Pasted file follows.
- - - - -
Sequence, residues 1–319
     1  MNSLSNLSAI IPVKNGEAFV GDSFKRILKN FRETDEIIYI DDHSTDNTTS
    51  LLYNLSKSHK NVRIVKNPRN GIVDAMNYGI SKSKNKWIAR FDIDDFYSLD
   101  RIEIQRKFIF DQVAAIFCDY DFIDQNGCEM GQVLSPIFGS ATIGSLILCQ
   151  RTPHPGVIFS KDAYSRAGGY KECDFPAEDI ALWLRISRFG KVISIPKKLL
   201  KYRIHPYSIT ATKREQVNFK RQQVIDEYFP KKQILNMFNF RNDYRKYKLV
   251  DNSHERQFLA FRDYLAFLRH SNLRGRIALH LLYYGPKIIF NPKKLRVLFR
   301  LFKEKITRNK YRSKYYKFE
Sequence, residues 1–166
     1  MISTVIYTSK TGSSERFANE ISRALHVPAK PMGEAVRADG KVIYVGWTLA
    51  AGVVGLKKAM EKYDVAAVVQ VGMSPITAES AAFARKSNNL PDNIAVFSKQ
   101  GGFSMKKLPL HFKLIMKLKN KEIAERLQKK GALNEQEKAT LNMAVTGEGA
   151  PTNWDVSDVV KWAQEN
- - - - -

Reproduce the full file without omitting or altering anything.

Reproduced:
Sequence, residues 1–319
     1  MNSLSNLSAI IPVKNGEAFV GDSFKRILKN FRETDEIIYI DDHSTDNTTS
    51  LLYNLSKSHK NVRIVKNPRN GIVDAMNYGI SKSKNKWIAR FDIDDFYSLD
   101  RIEIQRKFIF DQVAAIFCDY DFIDQNGCEM GQVLSPIFGS ATIGSLILCQ
   151  RTPHPGVIFS KDAYSRAGGY KECDFPAEDI ALWLRISRFG KVISIPKKLL
   201  KYRIHPYSIT ATKREQVNFK RQQVIDEYFP KKQILNMFNF RNDYRKYKLV
   251  DNSHERQFLA FRDYLAFLRH SNLRGRIALH LLYYGPKIIF NPKKLRVLFR
   301  LFKEKITRNK YRSKYYKFE
Sequence, residues 1–166
     1  MISTVIYTSK TGSSERFANE ISRALHVPAK PMGEAVRADG KVIYVGWTLA
    51  AGVVGLKKAM EKYDVAAVVQ VGMSPITAES AAFARKSNNL PDNIAVFSKQ
   101  GGFSMKKLPL HFKLIMKLKN KEIAERLQKK GALNEQEKAT LNMAVTGEGA
   151  PTNWDVSDVV KWAQEN